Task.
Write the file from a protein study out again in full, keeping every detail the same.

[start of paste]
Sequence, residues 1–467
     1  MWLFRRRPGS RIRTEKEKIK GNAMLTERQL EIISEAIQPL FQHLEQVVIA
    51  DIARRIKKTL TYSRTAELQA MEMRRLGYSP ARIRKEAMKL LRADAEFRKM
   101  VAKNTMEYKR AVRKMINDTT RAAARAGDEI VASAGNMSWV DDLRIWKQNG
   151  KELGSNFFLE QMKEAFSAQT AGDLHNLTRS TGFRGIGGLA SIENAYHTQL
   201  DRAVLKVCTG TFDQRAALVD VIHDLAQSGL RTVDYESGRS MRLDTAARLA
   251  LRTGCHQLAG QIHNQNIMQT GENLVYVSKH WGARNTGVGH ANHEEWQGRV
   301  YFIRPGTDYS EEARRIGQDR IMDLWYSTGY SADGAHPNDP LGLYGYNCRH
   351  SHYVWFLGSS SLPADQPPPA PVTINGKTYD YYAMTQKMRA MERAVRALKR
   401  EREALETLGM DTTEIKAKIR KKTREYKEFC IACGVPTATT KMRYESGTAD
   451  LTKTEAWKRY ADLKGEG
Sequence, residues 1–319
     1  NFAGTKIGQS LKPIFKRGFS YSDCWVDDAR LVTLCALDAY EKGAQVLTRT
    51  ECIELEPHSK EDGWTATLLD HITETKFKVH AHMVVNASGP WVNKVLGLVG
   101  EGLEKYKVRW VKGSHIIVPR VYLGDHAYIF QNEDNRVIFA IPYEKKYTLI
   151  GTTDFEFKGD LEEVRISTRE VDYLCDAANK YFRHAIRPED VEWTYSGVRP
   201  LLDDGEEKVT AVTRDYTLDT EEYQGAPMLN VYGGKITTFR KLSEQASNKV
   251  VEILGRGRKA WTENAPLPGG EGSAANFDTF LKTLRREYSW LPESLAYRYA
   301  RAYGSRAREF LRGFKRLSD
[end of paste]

Sequence, residues 1–467
     1  MWLFRRRPGS RIRTEKEKIK GNAMLTERQL EIISEAIQPL FQHLEQVVIA
    51  DIARRIKKTL TYSRTAELQA MEMRRLGYSP ARIRKEAMKL LRADAEFRKM
   101  VAKNTMEYKR AVRKMINDTT RAAARAGDEI VASAGNMSWV DDLRIWKQNG
   151  KELGSNFFLE QMKEAFSAQT AGDLHNLTRS TGFRGIGGLA SIENAYHTQL
   201  DRAVLKVCTG TFDQRAALVD VIHDLAQSGL RTVDYESGRS MRLDTAARLA
   251  LRTGCHQLAG QIHNQNIMQT GENLVYVSKH WGARNTGVGH ANHEEWQGRV
   301  YFIRPGTDYS EEARRIGQDR IMDLWYSTGY SADGAHPNDP LGLYGYNCRH
   351  SHYVWFLGSS SLPADQPPPA PVTINGKTYD YYAMTQKMRA MERAVRALKR
   401  EREALETLGM DTTEIKAKIR KKTREYKEFC IACGVPTATT KMRYESGTAD
   451  LTKTEAWKRY ADLKGEG
Sequence, residues 1–319
     1  NFAGTKIGQS LKPIFKRGFS YSDCWVDDAR LVTLCALDAY EKGAQVLTRT
    51  ECIELEPHSK EDGWTATLLD HITETKFKVH AHMVVNASGP WVNKVLGLVG
   101  EGLEKYKVRW VKGSHIIVPR VYLGDHAYIF QNEDNRVIFA IPYEKKYTLI
   151  GTTDFEFKGD LEEVRISTRE VDYLCDAANK YFRHAIRPED VEWTYSGVRP
   201  LLDDGEEKVT AVTRDYTLDT EEYQGAPMLN VYGGKITTFR KLSEQASNKV
   251  VEILGRGRKA WTENAPLPGG EGSAANFDTF LKTLRREYSW LPESLAYRYA
   301  RAYGSRAREF LRGFKRLSD